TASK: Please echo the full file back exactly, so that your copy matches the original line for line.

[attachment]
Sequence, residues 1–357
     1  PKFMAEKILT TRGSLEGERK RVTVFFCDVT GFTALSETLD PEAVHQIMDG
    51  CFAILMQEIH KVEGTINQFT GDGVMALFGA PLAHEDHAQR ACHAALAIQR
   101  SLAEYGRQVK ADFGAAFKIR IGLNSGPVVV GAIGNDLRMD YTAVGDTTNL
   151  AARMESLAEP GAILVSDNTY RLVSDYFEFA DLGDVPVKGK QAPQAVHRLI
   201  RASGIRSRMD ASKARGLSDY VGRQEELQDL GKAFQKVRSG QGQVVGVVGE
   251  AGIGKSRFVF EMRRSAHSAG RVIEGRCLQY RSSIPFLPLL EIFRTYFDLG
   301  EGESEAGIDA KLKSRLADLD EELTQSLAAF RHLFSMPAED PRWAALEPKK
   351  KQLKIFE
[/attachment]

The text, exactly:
Sequence, residues 1–357
     1  PKFMAEKILT TRGSLEGERK RVTVFFCDVT GFTALSETLD PEAVHQIMDG
    51  CFAILMQEIH KVEGTINQFT GDGVMALFGA PLAHEDHAQR ACHAALAIQR
   101  SLAEYGRQVK ADFGAAFKIR IGLNSGPVVV GAIGNDLRMD YTAVGDTTNL
   151  AARMESLAEP GAILVSDNTY RLVSDYFEFA DLGDVPVKGK QAPQAVHRLI
   201  RASGIRSRMD ASKARGLSDY VGRQEELQDL GKAFQKVRSG QGQVVGVVGE
   251  AGIGKSRFVF EMRRSAHSAG RVIEGRCLQY RSSIPFLPLL EIFRTYFDLG
   301  EGESEAGIDA KLKSRLADLD EELTQSLAAF RHLFSMPAED PRWAALEPKK
   351  KQLKIFE